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SOCHI - With a Japanese flag draped on his slender shoulders, Yuzuru Hanyu whizzed round the ice for a victory lap resembling 'Superman' after becoming the first Asian to win the men's Olympic figure skating title.
The competition, however, was anything but super on Friday as Hanyu beat triple world champion Patrick Chan to triumph in a nerve-racking free skate littered with spills, slips and stumbles by the leading contenders.
"Oh my God, I'm so surprised, I am shocked," exclaimed Hanyu when he realzsed the howlers had not stopped him earning Japan their first gold at the Sochi Games.
"The Olympics is so wild and unpredictable. I've never been this nervous for a competition in my entire life. I'm upset with the performance I had but I left everything I had out there."
His coach Brian Orser celebrated back-to-back Olympic victories having guided South Korea's Kim Yuna to the women's gold four years ago.
He told Hanyu: "It's not over till it's over. A win is a win, is a win, is a win."
[Related: Filipino Olympian Michael Martinez finishes Sochi stint in 19th place]
Thirty years to the day after Jayne Torvill and Christopher Dean captivated the world with their Bolero ice dance that drew a row of perfect 6.0s in the Sarajevo Olympics, fans in Sochi could only muster lukewarm applause as they witnessed error after error after error.
A day after smashing the 100-point barrier with a dazzling short program, the 19-year-old Hanyu drew gasps as he fell on his opening quad Salchow.
Stunned silence followed as he touched down with both hands after his triple flip but he survived both mishaps to win the gold with a total of 280.09 points.
The blunders opened the door for Chan to leapfrog him into first place but the Canadian failed to take advantage.
The triple world champion put his hands down following both his quadruple toeloop and triple Axel and also botched the landing on his double axel.
The axel jump has long been Chan's Achilles heel and so it proved again on Friday as he was given 178.10 points for his flawed performance, earning a total of 275.62 and squandering his chance to become the first Canadian to win the men's title.
"There was a lot of pressure to win the gold for Canada but I really wanted to do it for myself," said Chan who captured his second silver medal in Sochi following his country's second-place finish in the team competition.
"Feeling the medal slip away was definitely a lingering thought. I'm disappointed but life goes on."
Kazakhstan's Denis Ten proved to be the surprise package of the night as a clean program allowed him to storm from ninth place to collect bronze with 255.10.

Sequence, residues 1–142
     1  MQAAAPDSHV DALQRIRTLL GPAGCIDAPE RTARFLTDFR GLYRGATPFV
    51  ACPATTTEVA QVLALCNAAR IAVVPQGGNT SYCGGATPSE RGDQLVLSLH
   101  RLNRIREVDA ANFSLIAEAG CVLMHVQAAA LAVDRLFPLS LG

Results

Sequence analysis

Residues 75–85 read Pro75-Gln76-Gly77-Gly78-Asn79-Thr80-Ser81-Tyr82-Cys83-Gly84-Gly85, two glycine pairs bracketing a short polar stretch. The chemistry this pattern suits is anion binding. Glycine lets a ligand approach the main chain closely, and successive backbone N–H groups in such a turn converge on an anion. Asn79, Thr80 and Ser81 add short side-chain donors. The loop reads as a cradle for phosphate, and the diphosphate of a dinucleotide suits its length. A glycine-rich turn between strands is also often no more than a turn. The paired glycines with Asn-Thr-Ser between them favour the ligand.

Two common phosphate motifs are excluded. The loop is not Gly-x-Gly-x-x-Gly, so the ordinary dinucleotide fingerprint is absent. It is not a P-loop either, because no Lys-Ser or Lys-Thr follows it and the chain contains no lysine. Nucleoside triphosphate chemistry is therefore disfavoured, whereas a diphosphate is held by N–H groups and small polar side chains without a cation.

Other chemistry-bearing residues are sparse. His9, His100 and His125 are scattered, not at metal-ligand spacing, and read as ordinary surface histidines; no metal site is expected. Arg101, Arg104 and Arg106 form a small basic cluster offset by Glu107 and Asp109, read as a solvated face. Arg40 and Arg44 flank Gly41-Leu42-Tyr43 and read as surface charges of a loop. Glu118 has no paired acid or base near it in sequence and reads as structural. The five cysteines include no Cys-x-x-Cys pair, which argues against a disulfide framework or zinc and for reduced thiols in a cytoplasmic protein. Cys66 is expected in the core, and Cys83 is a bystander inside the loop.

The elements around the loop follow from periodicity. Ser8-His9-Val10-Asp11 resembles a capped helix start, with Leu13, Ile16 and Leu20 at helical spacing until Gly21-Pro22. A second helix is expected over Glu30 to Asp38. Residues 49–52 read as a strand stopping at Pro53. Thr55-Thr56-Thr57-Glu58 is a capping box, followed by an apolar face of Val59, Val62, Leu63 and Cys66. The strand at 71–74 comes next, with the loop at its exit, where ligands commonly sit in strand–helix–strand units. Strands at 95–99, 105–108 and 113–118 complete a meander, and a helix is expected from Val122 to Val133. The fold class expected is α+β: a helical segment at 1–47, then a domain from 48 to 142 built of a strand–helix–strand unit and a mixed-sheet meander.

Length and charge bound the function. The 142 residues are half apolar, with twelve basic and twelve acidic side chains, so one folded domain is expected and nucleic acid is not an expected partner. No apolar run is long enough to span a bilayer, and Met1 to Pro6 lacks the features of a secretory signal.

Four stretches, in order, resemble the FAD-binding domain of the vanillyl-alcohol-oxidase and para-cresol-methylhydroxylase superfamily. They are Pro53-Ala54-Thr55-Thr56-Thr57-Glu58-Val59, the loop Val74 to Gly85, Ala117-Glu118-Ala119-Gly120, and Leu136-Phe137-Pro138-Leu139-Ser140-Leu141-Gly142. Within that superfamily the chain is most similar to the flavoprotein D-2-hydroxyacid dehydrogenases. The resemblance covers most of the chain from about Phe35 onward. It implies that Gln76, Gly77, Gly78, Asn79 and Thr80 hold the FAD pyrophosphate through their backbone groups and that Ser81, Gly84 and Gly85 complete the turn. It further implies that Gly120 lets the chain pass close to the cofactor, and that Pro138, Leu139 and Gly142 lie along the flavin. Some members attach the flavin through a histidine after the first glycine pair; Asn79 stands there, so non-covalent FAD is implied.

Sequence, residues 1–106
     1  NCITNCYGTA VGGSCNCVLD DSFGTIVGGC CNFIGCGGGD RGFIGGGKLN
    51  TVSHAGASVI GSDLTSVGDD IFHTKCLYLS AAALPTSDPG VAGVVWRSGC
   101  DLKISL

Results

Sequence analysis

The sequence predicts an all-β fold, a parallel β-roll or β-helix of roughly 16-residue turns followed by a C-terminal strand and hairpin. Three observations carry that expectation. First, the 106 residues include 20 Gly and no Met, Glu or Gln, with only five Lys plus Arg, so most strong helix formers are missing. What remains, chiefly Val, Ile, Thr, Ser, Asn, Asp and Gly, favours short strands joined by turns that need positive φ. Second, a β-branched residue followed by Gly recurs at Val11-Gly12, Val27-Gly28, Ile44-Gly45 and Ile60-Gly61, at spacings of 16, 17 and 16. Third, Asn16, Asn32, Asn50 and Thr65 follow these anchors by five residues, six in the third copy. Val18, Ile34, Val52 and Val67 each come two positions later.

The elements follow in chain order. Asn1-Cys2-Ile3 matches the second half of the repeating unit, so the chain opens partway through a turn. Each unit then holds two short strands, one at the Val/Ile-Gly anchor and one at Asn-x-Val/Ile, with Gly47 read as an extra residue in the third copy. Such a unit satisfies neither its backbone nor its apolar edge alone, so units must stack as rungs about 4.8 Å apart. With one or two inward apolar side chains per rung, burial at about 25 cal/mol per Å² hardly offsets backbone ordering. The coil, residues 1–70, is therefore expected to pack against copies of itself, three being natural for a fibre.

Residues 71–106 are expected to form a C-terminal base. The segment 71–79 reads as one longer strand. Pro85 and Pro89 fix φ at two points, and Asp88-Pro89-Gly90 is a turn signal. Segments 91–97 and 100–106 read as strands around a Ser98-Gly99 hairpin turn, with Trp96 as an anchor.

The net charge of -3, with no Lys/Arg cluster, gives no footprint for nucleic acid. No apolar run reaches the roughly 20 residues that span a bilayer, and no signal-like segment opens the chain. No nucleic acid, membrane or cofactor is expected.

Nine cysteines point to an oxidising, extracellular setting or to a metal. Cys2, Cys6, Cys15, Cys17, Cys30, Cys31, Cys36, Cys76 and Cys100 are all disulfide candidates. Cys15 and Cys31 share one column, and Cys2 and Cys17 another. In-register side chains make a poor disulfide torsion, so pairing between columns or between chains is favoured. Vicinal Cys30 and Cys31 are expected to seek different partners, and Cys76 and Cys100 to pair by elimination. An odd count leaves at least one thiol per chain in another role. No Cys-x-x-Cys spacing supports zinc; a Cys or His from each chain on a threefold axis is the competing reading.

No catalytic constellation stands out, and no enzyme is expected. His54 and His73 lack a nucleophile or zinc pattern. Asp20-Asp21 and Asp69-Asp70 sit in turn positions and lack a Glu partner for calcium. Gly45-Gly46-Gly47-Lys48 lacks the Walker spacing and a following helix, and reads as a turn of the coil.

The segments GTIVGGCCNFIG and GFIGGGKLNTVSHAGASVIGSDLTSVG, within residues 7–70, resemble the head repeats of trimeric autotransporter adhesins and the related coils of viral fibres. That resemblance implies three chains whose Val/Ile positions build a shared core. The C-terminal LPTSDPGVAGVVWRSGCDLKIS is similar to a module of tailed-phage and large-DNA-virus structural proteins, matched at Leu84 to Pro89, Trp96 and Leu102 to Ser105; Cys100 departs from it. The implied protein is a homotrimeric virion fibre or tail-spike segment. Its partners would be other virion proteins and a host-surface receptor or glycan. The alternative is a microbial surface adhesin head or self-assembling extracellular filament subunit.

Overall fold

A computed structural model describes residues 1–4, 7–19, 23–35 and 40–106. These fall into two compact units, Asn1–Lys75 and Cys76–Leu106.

He was the only man among the top 10 to produce an error-free skate and nailed a quadruple toeloop and seven triple jumps to scoop his country's first ever Olympic figure skating medal.
Two-time European champion Javier Fernandez lost his chance of becoming the first Spaniard on blades to win an Olympic medal after a schoolboy error dropped him out of contention.
He was the only medal contender who planned to execute three quadruple jumps but when he downgraded the Salchow by completing only three revolutions, he got zero points for performing it a second time as the rules state you cannot carry out the same jump twice.
That left him fifth in the free skate and fourth overall, missing out on a bronze by just 1.18 points.
"I made that stupid mistake [on the quad] and lost a few points that could have helped me to get on to the podium. But I won't focus on it, I need to move on," said Fernandez who is also trained by Orser.
"I'm disappointed. I was just one step off the podium. I would love to have seen the Spanish flag up there but it didn't happen. Now I have to wait for the  Olympics in [South] Korea to climb that step."
For figure skating purists it was a disappointing evening all round.
Twenty-four hours after Yevgeny Plushenko abruptly pulled out of the competition at the 11th hour, the familiar chants of 'Ro-ss-ia, Ro-ss-ia, Ro-ss-ia' were absent as the showman's exit left the event without a home representative.
If the atmosphere was already rather muted at the start, it had an air of anti-climax at the end as fans who had paid up to $500 for their tickets left feeling short-changed after a stellar field failed to produce stellar performances.
The only man who was shown any love on Valentine's Day was Japan's former world champion Daisuke Takahashi.
The moment he finished his final competitive skate he was bombarded with dozens of bouquets, teddy bears and stuffed red hearts.
Takahashi left the arena without any precious metal after finishing sixth but he will need a convoy of cars to escort him to the airport if he plans to take his huge haul of gifts home. - Reuters